The Observatory

by Codeverse

5 Ways Parents Can Learn Coding with Their Kids

Daughter showing Dad how to code in KidScript

5 min read

Not a technologist but want to help your kid code? Codeverse is on it!

Learning to code opens up exciting new worlds for both kids and adults. As a parent, you want to be able to support your child to the best of your ability as they embark on learning this new, useful skill. But you may be surprised by the possibilities you can open up for yourself as well!

1. Curiosity comes first and forever.

When you code, you are creating a world of things and interactions, and you want to be clear in your mind how everything should work together. So, where can you draw inspiration? From how things work in the world around us!

If you’ve always taken for granted everyday objects like washing machines, elevators, or even the microwave, try stopping for a moment to really piece together how these objects actually work. Don’t be afraid to ask (you can always ask the internet, too). What does the object need to have or know? What actions does it take in response? How does it communicate its status or results? Up the ante: How can we change it to make the object do its job better? Encourage your child to try this activity with you anywhere you go.

When you understand how something works, then you can explain it to someone else methodically, almost like a series of rules. When you can explain it to a computer as a series of rules, you’re ready to get coding!

A small example: a microwave must have power before it can run and the clock must be correctly set; the microwave accepts an amount of time and a power level from you, the user; the microwave “microwaves” for the given time at the given power level; and the microwave makes a noise to indicate that the allotted time is up. To make the microwave better: Should the microwave make a different noise that’s more attention-grabbing? No noise at all? Should it have a setting that cooks the same food in half the time? Should it be able to scan the food and set the time and power itself? Get imaginative!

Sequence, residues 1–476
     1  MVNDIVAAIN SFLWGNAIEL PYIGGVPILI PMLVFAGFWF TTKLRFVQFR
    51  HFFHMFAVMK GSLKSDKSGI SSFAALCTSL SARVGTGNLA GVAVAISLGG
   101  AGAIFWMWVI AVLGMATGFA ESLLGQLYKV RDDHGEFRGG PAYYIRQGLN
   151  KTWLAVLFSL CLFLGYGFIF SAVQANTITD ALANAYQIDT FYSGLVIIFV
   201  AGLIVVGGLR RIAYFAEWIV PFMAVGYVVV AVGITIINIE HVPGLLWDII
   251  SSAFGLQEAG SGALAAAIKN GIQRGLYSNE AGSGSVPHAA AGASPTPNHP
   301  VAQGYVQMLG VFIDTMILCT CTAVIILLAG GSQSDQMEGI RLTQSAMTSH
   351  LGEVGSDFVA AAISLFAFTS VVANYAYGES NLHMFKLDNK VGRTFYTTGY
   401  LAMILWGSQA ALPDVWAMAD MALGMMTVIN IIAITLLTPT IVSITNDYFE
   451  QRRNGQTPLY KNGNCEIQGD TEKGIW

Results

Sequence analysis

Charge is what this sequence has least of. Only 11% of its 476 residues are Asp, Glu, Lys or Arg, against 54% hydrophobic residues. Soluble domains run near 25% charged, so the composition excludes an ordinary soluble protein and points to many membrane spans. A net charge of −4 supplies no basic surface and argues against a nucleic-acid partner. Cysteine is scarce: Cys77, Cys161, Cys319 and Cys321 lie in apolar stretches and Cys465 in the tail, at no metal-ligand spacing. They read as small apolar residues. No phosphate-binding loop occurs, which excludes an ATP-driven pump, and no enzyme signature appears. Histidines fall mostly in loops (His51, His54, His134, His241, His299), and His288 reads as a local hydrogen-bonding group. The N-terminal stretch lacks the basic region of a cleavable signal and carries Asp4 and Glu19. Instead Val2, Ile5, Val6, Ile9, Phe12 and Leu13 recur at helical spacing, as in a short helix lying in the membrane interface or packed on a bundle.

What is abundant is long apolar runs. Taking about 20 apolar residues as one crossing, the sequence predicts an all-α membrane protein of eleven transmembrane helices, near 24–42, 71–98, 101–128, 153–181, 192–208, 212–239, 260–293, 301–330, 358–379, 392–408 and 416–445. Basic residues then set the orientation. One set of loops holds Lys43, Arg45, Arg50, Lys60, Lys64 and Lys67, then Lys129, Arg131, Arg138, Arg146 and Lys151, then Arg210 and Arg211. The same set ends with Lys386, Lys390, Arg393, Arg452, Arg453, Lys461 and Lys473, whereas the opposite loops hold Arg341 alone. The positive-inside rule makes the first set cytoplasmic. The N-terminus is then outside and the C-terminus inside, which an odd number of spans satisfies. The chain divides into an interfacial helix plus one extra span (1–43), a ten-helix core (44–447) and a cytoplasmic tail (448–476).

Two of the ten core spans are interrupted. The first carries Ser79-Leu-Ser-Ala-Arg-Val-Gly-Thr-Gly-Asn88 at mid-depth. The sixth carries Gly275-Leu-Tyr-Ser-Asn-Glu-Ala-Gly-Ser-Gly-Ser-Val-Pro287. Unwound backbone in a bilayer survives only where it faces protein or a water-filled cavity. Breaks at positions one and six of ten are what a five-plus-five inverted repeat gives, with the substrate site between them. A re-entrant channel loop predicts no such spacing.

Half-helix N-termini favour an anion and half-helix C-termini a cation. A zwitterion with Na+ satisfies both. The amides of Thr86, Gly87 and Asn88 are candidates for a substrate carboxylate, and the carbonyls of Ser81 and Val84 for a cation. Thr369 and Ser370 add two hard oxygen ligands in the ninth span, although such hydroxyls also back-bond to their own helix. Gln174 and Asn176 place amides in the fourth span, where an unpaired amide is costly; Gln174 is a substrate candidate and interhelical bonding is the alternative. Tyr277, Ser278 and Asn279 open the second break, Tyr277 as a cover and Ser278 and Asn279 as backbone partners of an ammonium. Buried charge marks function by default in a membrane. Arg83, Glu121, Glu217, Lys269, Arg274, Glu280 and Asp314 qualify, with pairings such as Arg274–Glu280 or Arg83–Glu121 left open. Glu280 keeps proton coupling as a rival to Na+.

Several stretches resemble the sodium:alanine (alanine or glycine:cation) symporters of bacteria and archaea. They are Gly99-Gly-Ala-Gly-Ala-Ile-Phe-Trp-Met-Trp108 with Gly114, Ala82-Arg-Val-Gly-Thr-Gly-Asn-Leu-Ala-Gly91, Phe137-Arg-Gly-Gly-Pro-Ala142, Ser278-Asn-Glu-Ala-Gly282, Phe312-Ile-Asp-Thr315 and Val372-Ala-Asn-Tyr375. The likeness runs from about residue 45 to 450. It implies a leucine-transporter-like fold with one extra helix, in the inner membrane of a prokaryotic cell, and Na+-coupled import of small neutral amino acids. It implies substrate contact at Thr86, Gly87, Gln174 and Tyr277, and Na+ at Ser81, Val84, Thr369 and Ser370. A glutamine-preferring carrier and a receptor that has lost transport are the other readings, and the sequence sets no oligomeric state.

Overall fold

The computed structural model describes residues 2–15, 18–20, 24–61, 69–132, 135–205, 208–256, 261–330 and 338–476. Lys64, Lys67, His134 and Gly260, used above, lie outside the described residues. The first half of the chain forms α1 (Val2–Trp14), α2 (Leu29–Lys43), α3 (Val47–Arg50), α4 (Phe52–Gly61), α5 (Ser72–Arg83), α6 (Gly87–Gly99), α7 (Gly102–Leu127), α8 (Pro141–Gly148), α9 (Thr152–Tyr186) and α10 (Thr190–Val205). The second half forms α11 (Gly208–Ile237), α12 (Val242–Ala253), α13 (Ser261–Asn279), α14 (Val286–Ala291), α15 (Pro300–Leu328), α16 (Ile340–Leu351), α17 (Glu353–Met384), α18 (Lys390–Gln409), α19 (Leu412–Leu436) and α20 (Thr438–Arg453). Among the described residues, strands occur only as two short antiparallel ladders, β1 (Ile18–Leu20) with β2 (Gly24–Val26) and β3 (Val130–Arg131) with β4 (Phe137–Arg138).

2. Coding can be playtime.

There are great boardgames, bots, and toys out there to help kids dabble in computational thinking. Try playing with any potential investment yourself before deciding if it’s a good one. Ask yourself: Is this activity asking me to create directions or rules? Is this activity enabling me to break a bigger task into smaller parts? Will this continue to be engaging for my child because new challenges are possible?

A small selection from the Codeverse storefront:
Cubetto: Ages 3-6. The friendly wooden robot that needs your help to navigate its adventures.

Ozobot Bit: Ages 8+. Simply draw lines and color segments to control this approachable mini-bot.

Sphero SPRK+: Ages 8+. Kid-proof spherical droids with light, motion, and navigation controls. Program Sphero through a drag-and-drop app to navigate mazes, have a dance party, or create your own challenges.

Kids at play with Cubetto robot and space grid.

Once you get the concepts from other activities, you can make up your own games too! One that we like to play is Simon Says IF, which helps kids learn about true/false conditionals. Each player takes turns declaring an “if” statement and an action, and everyone else should only react if their statement is true: If I am taller than Mommy, hop three times. If the sky is blue, jump like a dolphin.

Don’t worry if a game doesn’t work quite the way you imagined the first time. Iterating on your work is part of being a coder!

3. Don’t underestimate the power of storytelling.

We are more engaged and we remember more when a new concept or problem is embedded in a story. Thankfully, some fantastic children’s authors are leading the way on this.

“Hello Ruby: Adventures in Coding” is a great introduction to computational thinking and the attitude it takes to get through challenges. Author Linda Liukas even includes some DIY puzzles and activities at the end of the story for creative fun with your child. Codeverse also has “A is for Array” by Branden J. Hansen available. We also recommend “My First Coding Book” for kids as young as 5 by Kiki Prottsman, which includes hands-on paper engineering activities to tackle with your child.

4. Dive into the deep end with adult resources.

A huge number of resources exist for adults, mostly geared towards actually becoming a developer. You definitely don’t have to be a developer to help your child learn to code!

You can experiment with educational videos, self-paced courses (Javascript is a good place to start), and simple programming tools to see what works for you. If you are interested in learning to code for yourself, our two cents is to think of something that you care about building, whether it’s an app, a website, or a multi-level game.

5. KidScript is our top pick!

The Codeverse team designed and developed our own proprietary language, KidScript, to make writing code easy and fun, while also being robust enough for kids to build any kind of app their hearts desire.

Codeverse kids have at home access to KidScript as part of a multi-month membership. You can learn core principles such as methods, loops, variables, and more alongside your child through our curriculum and see how these principles are applied in your child’s custom projects. We highly recommend that you work with your child on at least one project to see where creativity takes you!

Second-grader building a KidScript game in the studio.

Ultimately, we want you to be armed with the same curiosity, excitement, and inspiration when it comes to coding with your own child.

Interested in signing your kid up for a free coding class at Codeverse Lincoln Park? Reserve a spot today!


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